Wiser use of prescription medications by everyone – doctors and their patients – could save the U.S. health care system more than $200 billion a year. That’s the conclusion of a new report, “Avoidable Costs in U.S. Healthcare,” from the IMS Institute for Healthcare Informatics.
Inefficient or ineffective use of medications lead to 6 million hospitalizations, 4 million trips to the emergency room and 78 million visits to doctors and other care providers each year, according to the report. Those are huge numbers.
Although $213 billion represents less than 8 percent of what Americans spend on health care each year, it’s still a staggering sum. It also exacts human costs that aren’t reflected in the estimates.
The report identifies six things that can be improved to address the problem:
1. Not taking medications as directed: Most drugs are prescribed for a good reason. Take antihypertensive medications. They are used to lower blood pressure. Not taking the drug allows blood pressure to remain high, which can lead to a very expensive stroke.
People don’t take medications as prescribed for several reasons. They include fear of drug side effects, not understanding complications that can occur without treatment, and not being able to afford their medicines. The report estimated that taking medications as directed accounted for almost half of the $213 billion in savings.
2. Taking too many medications: This has become a huge problem, especially in older people with multiple medical issues. Doctors often add medications based on new symptoms, but they seldom tell their patients to stop taking drugs prescribed earlier or to take lower doses. The more medications people take, the greater the chances they will experience a harmful interaction between medications.
3. Delayed treatment: Doctors can’t prescribe potentially health-saving medications if they don’t know that patients need it. Better screening for a hidden condition like hepatitis C, for example, could identify those with it and get them started on medication that could prevent costly cirrhosis of the liver, liver cancer, or the need for a liver transplant.
4. Overuse of antibiotics: Far too many doctors still prescribe antibiotics for upper respiratory infections, simple bronchitis and ear infections, even though many of these are caused by viruses, which aren’t affected by antibiotics, and many get better just as fast without an antibiotic. This adds unnecessary costs for the unneeded antibiotics. Use of antibiotics can cause side effects such as severe allergic reactions and diarrhea, which can lead to hospitalization. It can also help create bacteria that are resistant to antibiotics, a growing problem in the United States.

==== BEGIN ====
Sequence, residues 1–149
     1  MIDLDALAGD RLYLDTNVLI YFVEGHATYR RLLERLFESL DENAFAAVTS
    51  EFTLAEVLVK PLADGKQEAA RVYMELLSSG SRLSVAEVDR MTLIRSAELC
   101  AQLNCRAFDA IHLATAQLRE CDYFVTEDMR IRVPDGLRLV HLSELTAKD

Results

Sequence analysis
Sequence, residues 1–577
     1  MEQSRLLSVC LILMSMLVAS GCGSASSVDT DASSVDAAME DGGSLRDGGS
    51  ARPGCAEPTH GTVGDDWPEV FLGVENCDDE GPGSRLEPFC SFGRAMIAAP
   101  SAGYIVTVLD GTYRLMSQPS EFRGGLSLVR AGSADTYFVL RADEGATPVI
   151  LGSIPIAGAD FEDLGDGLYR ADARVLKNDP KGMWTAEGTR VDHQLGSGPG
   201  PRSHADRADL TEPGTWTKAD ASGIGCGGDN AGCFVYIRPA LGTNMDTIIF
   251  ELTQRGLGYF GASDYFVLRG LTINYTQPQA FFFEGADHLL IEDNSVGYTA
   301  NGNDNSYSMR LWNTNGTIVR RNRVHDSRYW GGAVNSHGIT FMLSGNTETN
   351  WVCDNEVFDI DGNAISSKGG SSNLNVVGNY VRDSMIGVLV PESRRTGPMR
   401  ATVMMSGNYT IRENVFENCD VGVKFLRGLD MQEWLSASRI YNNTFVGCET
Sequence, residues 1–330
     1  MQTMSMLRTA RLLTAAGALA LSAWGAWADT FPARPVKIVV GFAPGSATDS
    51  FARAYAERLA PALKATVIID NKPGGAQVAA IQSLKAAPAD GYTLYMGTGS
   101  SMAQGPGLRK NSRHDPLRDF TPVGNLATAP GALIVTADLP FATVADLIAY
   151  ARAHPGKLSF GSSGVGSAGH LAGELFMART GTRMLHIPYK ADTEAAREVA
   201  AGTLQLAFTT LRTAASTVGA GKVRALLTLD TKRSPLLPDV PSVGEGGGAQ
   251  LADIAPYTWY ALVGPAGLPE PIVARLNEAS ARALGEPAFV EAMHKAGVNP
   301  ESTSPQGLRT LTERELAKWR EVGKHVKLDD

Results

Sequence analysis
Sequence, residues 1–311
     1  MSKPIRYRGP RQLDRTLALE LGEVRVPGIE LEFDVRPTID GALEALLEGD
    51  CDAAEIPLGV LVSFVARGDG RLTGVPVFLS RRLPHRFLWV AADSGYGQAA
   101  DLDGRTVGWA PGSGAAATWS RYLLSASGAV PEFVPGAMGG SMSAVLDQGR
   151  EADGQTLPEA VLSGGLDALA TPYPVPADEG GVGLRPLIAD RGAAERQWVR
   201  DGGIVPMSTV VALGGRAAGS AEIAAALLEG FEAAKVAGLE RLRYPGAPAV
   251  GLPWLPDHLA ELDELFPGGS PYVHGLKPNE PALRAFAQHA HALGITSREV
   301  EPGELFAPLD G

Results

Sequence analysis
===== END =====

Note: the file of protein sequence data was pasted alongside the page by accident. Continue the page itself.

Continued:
5. Medication errors: Errors occur in different stages of medication use. Doctors sometimes prescribe the wrong drug or dosage. Pharmacists sometimes prepare or dispense the wrong drug or dosage. And sometimes patients take, or are given, the wrong drug or dosage.
6. Underuse of generic medication: Many people are reluctant to take generic medications instead of their brand-name versions, even though generics contain and deliver the same active ingredients as brand names. And many doctors don’t tell their patients about generic alternatives unless the patient asks.
The United States spends more money on health care per person than any other country in the world (17.6 percent of our gross domestic product versus 11.6 percent in France and Germany). But we are far from No. 1 in quality of health care. In fact, among 17 of the leading industrialized nations, the U.S. ranked dead last in life expectancy.
Better use of medications won’t solve our health care spending crisis, but it can help. What would really save us money, and improve our health, is preventing disease with a healthy lifestyle. The biggest bang would come from beginning that in childhood and maintaining it throughout life.
Dr. Howard LeWine is chief editor of Internet Publishing at Harvard Health Publications and a hospitalist at Harvard-affiliated Brigham and Women’s Hospital in Boston.